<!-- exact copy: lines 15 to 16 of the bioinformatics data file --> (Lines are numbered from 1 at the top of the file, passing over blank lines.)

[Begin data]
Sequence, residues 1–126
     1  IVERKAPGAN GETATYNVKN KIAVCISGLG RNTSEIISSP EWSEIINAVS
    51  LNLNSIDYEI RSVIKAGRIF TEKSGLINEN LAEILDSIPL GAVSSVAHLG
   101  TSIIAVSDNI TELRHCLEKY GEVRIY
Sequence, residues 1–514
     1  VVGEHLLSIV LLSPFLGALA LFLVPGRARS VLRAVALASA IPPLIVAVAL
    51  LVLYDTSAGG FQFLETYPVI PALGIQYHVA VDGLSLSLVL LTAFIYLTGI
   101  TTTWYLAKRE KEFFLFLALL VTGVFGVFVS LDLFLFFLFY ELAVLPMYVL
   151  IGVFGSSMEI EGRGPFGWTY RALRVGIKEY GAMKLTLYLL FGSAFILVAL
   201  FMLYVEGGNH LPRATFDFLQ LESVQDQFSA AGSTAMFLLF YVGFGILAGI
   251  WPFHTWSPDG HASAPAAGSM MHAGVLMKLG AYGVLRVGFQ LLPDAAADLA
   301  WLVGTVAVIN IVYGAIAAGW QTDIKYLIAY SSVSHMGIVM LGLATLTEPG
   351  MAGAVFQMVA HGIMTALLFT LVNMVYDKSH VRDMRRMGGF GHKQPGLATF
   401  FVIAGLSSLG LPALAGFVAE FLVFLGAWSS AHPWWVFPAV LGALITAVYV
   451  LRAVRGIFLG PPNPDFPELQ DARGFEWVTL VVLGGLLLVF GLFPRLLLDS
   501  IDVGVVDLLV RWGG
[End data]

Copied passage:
   451  LRAVRGIFLG PPNPDFPELQ DARGFEWVTL VVLGGLLLVF GLFPRLLLDS
   501  IDVGVVDLLV RWGG